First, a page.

The cruise industry—blemished by high-profile accidents and illnesses in recent years—is looking shipshape for 2015 and quickly getting booked up for 2016, led by high-end travelers, according to some industry experts.
Already, select bookings for the so-called “wave season,” the first three months of each year when cruise lines do high-volume sales and promotions, have more than doubled for 2016, according to UBS researchers.
As of mid-May, Norwegian Cruise Line (NCLH) noted a 100%-plus increase in bookings, while Royal Caribbean (RCL) showed “strong bookings in January,” the report says. Carnival Cruise Lines (CCL) does not report bookings, but UBS notes it historically moves in the same direction as the broader industry.
More Seafarers on Board in 2015
Ocean-going cruising is expected to swell by 4% this year to 23 million seafarers, up from 22.1 million in 2014, according to the Cruise Lines International Association.
The most popular destination? Cruising to the Caribbean—and it looks like that’ll remain the top choice, the trade group says (see the sidebar below).
That growth comes thanks to “significantly more” spending on television advertising, “which seems to be a more effective driver of demand than just lower prices,” according to UBS.
Big Spenders on the High Seas
It’s also important to differentiate between target audiences when explaining the rebound. The high-end cruise sector largely avoided the mishaps that hit among middle-class passengers in 2012 and 2013, according to Robert Meute, travel consultant at Blue Globe Getaways. As such, demand for high-end sailing stayed relatively strong, he says.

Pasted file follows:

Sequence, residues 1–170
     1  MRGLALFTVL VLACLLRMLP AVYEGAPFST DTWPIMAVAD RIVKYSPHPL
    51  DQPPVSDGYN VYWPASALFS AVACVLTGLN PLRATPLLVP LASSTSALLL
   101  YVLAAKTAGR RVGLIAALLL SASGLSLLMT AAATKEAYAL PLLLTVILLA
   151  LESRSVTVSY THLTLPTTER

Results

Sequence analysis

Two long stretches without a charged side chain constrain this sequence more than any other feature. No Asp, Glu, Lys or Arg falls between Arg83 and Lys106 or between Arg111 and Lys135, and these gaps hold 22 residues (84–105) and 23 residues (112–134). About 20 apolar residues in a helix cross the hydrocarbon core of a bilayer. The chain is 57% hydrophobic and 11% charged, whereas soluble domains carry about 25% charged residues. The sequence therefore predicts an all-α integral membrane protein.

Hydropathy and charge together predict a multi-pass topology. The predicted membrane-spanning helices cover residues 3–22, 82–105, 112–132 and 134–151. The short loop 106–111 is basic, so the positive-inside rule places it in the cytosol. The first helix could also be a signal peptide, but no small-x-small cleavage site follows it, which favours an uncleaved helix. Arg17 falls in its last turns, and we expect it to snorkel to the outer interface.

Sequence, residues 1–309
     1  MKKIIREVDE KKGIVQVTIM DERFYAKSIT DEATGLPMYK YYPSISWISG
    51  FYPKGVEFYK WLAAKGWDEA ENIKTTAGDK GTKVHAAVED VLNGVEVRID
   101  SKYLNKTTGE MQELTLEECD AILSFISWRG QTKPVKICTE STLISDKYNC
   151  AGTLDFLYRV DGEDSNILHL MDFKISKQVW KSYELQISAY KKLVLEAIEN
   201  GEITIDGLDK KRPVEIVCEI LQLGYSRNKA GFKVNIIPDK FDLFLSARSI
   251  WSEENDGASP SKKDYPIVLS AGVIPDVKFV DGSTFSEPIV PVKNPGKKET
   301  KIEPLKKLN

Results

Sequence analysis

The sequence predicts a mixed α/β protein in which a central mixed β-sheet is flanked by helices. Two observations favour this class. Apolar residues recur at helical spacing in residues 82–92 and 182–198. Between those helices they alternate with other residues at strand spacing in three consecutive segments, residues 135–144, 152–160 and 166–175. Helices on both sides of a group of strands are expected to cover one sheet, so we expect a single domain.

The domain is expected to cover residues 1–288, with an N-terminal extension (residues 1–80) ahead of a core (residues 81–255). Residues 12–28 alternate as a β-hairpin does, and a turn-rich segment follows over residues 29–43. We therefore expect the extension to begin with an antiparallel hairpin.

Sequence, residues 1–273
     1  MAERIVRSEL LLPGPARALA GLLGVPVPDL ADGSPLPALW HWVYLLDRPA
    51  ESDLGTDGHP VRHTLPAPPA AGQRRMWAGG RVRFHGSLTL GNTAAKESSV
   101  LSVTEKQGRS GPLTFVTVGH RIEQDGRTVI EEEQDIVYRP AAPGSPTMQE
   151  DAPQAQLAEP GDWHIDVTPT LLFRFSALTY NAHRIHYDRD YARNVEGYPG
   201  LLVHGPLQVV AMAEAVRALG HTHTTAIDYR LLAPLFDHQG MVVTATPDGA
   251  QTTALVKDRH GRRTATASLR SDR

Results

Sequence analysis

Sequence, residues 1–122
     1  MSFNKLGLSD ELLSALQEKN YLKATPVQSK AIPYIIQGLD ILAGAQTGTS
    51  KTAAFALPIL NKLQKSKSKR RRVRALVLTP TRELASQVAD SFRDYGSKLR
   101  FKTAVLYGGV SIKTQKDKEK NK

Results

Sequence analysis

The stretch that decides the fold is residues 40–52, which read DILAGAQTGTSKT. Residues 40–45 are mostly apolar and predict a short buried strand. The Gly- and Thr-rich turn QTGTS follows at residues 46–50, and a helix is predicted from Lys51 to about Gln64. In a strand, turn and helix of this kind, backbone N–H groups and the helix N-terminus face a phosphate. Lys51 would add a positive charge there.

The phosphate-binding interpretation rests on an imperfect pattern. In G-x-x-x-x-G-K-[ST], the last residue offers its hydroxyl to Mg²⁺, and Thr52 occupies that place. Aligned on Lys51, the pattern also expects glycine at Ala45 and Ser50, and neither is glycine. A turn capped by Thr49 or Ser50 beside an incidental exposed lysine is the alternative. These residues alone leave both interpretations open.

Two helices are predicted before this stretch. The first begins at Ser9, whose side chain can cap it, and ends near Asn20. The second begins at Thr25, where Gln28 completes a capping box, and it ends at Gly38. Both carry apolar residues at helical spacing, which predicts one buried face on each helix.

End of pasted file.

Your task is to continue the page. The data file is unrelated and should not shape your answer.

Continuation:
“The luxury cruise ship clientele is usually older and more dedicated to this type of travel,” he says. “There were no issues there, so it wasn’t as affected.”
Katharine Schultze, vice president at luxury travel agency Esplanade Travel, agrees.
“Many people who travel in the upper end of the budget spectrum do multiple trips per year, and they plan multiple trips at a time, so it’s a more resilient market than the budget tour market is,” she says.
“For example, we are working on bookings through 2017. It’s too early to book most elements until we’re within a year of travel, but our clients start talking about their next trips early, and they always have ideas for new trips in the works.”
“From our perspective, the illness and other problems didn’t seem to affect our clients as much as the average cruise-industry passenger,” she adds.
Consider Expert Help
Travelers are increasingly empowered to scout out deals and book their own trips, but tapping the assistance of travel agents to find the best cruise line, ideal amenities, target destination, promotions, and more, remains a popular route for planning. From Michelin-rated chefs to water parks on deck, cruises offer something for everyone, but some will be a better fit than others.
The Cruise Lines International Association planning page includes filters that can help travelers select their destinations, sort by ship features, or connect with member travel agents.
Travelers who remain skittish about sailing can read online reviews of ships before booking, but part of a travel agent’s job is to know what’s going on in the industry.
“We have relationships built with various cruise operators, and it’s our job to continue to evaluate and keep updated on what various cruise companies are doing so that we are recommending the very best to our clients,” Schultze says.
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